Applied speech and audio processing with matlab examples

speech and audio processing for coding enhancement and recognition pdf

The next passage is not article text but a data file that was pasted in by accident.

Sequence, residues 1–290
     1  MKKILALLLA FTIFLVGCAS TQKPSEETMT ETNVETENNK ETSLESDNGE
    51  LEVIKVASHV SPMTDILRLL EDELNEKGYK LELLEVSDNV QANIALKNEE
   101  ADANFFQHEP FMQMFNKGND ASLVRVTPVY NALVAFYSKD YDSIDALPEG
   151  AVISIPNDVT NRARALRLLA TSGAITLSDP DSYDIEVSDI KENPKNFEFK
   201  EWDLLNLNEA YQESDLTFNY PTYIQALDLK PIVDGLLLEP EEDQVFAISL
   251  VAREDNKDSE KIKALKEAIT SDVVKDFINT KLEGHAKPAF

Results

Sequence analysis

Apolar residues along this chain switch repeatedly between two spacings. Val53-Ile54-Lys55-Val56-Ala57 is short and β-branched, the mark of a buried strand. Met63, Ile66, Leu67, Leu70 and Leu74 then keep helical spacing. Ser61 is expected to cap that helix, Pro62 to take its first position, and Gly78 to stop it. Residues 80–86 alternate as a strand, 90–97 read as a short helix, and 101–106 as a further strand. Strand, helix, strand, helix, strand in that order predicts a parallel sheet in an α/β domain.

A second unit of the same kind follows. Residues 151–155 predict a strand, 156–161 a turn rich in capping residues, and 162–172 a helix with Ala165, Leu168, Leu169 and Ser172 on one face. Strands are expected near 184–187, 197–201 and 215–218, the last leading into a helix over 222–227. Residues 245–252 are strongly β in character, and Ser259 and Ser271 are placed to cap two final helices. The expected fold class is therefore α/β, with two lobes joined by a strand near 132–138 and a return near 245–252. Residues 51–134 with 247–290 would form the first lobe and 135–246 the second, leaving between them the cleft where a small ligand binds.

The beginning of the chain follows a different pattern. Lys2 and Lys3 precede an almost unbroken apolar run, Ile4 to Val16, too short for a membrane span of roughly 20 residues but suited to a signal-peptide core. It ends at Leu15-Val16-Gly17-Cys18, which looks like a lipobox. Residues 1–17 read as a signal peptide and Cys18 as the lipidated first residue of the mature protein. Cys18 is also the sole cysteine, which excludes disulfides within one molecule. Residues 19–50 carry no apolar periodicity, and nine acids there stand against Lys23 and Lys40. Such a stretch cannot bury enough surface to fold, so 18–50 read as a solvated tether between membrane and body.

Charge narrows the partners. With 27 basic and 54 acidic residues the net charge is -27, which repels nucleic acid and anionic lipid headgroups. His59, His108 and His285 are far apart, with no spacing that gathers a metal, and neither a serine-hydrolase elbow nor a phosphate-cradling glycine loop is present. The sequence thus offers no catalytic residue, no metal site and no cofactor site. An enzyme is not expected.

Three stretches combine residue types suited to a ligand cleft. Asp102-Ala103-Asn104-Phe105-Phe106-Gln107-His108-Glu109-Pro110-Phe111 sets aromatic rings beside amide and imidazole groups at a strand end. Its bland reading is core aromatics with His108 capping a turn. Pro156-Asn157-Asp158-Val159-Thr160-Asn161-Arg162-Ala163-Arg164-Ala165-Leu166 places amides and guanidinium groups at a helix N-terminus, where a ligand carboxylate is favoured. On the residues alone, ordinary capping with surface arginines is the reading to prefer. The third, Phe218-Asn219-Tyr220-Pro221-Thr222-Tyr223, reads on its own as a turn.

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EE E6820: Speech & Audio Processing & Recognition Lecture 1: Introduction & DSP Dan Ellis dpweee.columbia.edu Mike Mandel mimee.columbia.edu Columbia University Dept. of Electrical Engineering http://www.ee.columbia.edu/dpwe/e6820 January 22, 2009 1 Sound and information 2 Course Structure 3 DSP review: Timescale modi cation Dan Ellis (Ellis & Mandel) Intro & DSP January 22, 2009 1 / 33Sound and information Sound is air pressure variation Mechanical vibration Pressure waves in air + + + + Motion of sensor v(t) Time-varying voltage t Transducers convert air pressure voltage Dan Ellis (Ellis & Mandel) Intro & DSP January 22, 2009 3 / 33What use is sound? Footsteps examples: 0.5 0 -0.5 0 0.5 1 1.5 2 2.5 3 3.5 4 4.5 5 0.5 0 -0.5 0 0.5 1 1.5 2 2.5 3 3.5 4 4.5 5 time / s Hearing confers an evolutionary advantage useful information, complements vision . . . at a distance, in the dark, around corners listeners are highly adapted to `natural sounds' (including speech) Dan Ellis (Ellis & Mandel) Intro & DSP January 22, 2009 4 / 33The scope of audio processing Dan Ellis (Ellis & Mandel) Intro & DSP January 22, 2009 5 / 33The acoustic communication chain message signal channel receiver decoder audio synthesis recognition processing Sound is an information bearer Received sound re ects source(s) plus e ect of environment (channel) Dan Ellis (Ellis & Mandel) Intro & DSP January 22, 2009 6 / 33Synthesis Levels of abstraction Much processing concerns shifting between levels of abstraction abstract ‘information’ representation (e.g. t-f energy) sound p(t) concrete Di erent representations serve di erent tasks separating aspects, making things explicit, . . . Dan Ellis (Ellis & Mandel) Intro & DSP January 22, 2009 7 / 33 AnalysisSource structure Goals I survey topics in sound analysis & processing I develop and intuition for sound signals I learn some speci c technologies Course structure I weekly assignments (25%) I midterm event (25%) I nal project (50%) Text Speech and Audio Signal Processing Ben Gold & Nelson Morgan Wiley, 2000 ISBN: 0-471-35154-7 Dan Ellis (Ellis & Mandel) Intro & DSP January 22, 2009 9 / 33Web-based Course website: http://www.ee.columbia.edu/dpwe/e6820/ for lecture notes, problem sets, examples, . . . + student web pages for homework, etc. Dan Ellis (Ellis & Mandel) Intro & DSP January 22, 2009 10 / 33Course outline Fundamentals L4: L3: L1: L2: Pattern Auditory DSP Acoustics recognition perception Audio processing Applications L6: L5: L9: L10: Music Signal Speech Music analysis/ models recognition retrieval synthesis L7: L8: L11: L12: Audio Spatial sound Signal Multimedia compression & rendering separation indexing Dan Ellis (Ellis & Mandel) Intro & DSP January 22, 2009 11 / 33Weekly assignments Research papers I journal & conference publications I summarize & discuss in class I written summaries on web page + Courseworks discussion Practical experiments I Matlab-based (+ Signal Processing Toolbox) I direct experience of sound processing I skills for project Book sections Dan Ellis (Ellis & Mandel) Intro & DSP January 22, 2009 12 / 33Final project Most signi cant part of course (50%) of grade Oral proposals mid-semester; Presentations in nal class + website Scope I practical (Matlab recommended) I identify a problem; try some solutions I evaluation Topic I few restrictions within world of audio I investigate other resources I develop in discussion with me Citation & plagiarism Dan Ellis (Ellis & Mandel) Intro & DSP January 22, 2009 13 / 33Examples of past projects Automatic prosody classi cation Model-based note transcription Dan Ellis (Ellis & Mandel) Intro & DSP January 22, 2009 14 / 33DSP review: digital signals Discrete-time sampling limits bandwidth x n = Q( x (nT ) ) d c Discrete-level quantization limits dynamic range time ε T sampling interval T 2 sampling frequency = T T   y quantizer Q(y) =  Dan Ellis (Ellis & Mandel) Intro & DSP January 22, 2009 16 / 33The speech signal: time domain Speech is a sequence of di erent sound types Vowel: periodic Fricative: aperiodic “has” “watch” .1 0.05 0 0 .1 -0.05 1.38 1.4 1.42 1.86 1.88 1.9 1.92 0.2 0.1 0 -0.1 -0.2 1.4 1.6 1.8 2 2.2 2.4 2.6 time/s has a watch thin as a dime 0.1 0.02 0 0 -0.02 -0.1 1.52 1.54 1.56 1.58 2.42 2.44 2.46 2.4 Glide: smooth transition Stop burst: transient “watch” “dime” Dan Ellis (Ellis & Mandel) Intro & DSP January 22, 2009 17 / 33Timescale modi cation (TSM) Can we modify a sound to make it `slower'? i.e. speech pronounced more slowly e.g. to help comprehension, analysis or more quickly for `speed listening'? Why not just slow it down? t x (t) = x ( ), r = slowdown factor ( 1 slower) s o r equivalent to playback at a di erent sampling rate 0.1 0.05 0 Original -0.05 r = 2 -0.1 2.35 2.4 2.45 2.5 2.55 2.6 0.1 0.05 2x slower 0 -0.05 -0.1 2.35 2.4 2.45 2.5 2.55 2.6 time/s Dan Ellis (Ellis & Mandel) Intro & DSP January 22, 2009 18 / 33Time-domain TSM Problem: want to preserve local time structure but alter global time structure Repeat segments I but: artifacts from abrupt edges Cross-fade & overlap hj k i m m m1 y mL +n = y mL +n +wnx L +n r 0.1 1 2 3 4 5 6 0 -0.1 2.35 2.4 2.45 2.5 2.55 2.6 1 4 time / s 2 5 3 6 0.1 11223344556 0 -0.1 4.7 4.75 4.8 4.85 4.9 4.95 time / s Dan Ellis (Ellis & Mandel) Intro & DSP January 22, 2009 19 / 33Synchronous overlap-add (SOLA) Idea: allow some leeway in placing window to optimize alignment of waveforms 1 2 K maximizes alignment of 1 and 2 m Hence, hj k i m m m1 y mL +n = y mL +n +wnx L +n +K m r Where K chosen by cross-correlation: m    P N ov m1 m y mL +nx L +n +K n=0 r K = argmaxq m P P    m m1 2 2 0KK u (y mL +n) (x L +n +K ) r Dan Ellis (Ellis & Mandel) Intro & DSP January 22, 2009 20 / 33The Fourier domain Fourier Series (periodic continuous x) x(t) 2 0.5 = 0 0 T 0.5 X 1 1.5 1 0.5 0 0.5 1 1.5 jk t 0 x(t) = c e t k 1.0 k c k Z T=2 1 jk t 0 123 4 567 k c = x(t)e dt k 2T T=2 Fourier Transform (aperiodic continuous x) 0.02 x(t) 0.01 Z 0 1 j t -0.01 x(t) = X (j )e d 0 0.002 0.004 0.006 0.008 time / sec 2 level / dB Z X(jΩ) -20 j t -40 X (j ) = x(t)e dt -60 -80 0 2000 4000 6000 8000 freq / Hz Dan Ellis (Ellis & Mandel) Intro & DSP January 22, 2009 21 / 33Discrete-time Fourier DT Fourier Transform (aperiodic sampled x) x n Z  1 j jn -1 1234567 n xn = X (e )e d jω 2 X(e )  3 X 2 j jn X (e ) = xne 1 ω 0 π 2π 3π 4π 5π Discrete Fourier Transform (N-point x) x n X 2kn j N xn = X ke k 123456 7 n X 2kn j jω N Xk X(e ) X k = xne n k k=1... Dan Ellis (Ellis & Mandel) Intro & DSP January 22, 2009 22 / 33Sampling and aliasing Discrete-time signals equal the continuous time signal at discrete sampling instants: x n = x (nT ) c d Sampling cannot represent rapid uctuations 1 0.5 0 0.5 1 0 1 2 3 4 5 6 7 8 9 10    2 sin + Tn = sin( Tn) 8n2Z M M T Nyquist limit ( =2) from periodic spectrum: T “alias” of “baseband” G (jΩ) a G (jΩ) signal p Ω -Ω Ω -Ω Ω T M M T Ω - Ω -Ω + Ω T M T M Dan Ellis (Ellis & Mandel) Intro & DSP January 22, 2009 23 / 33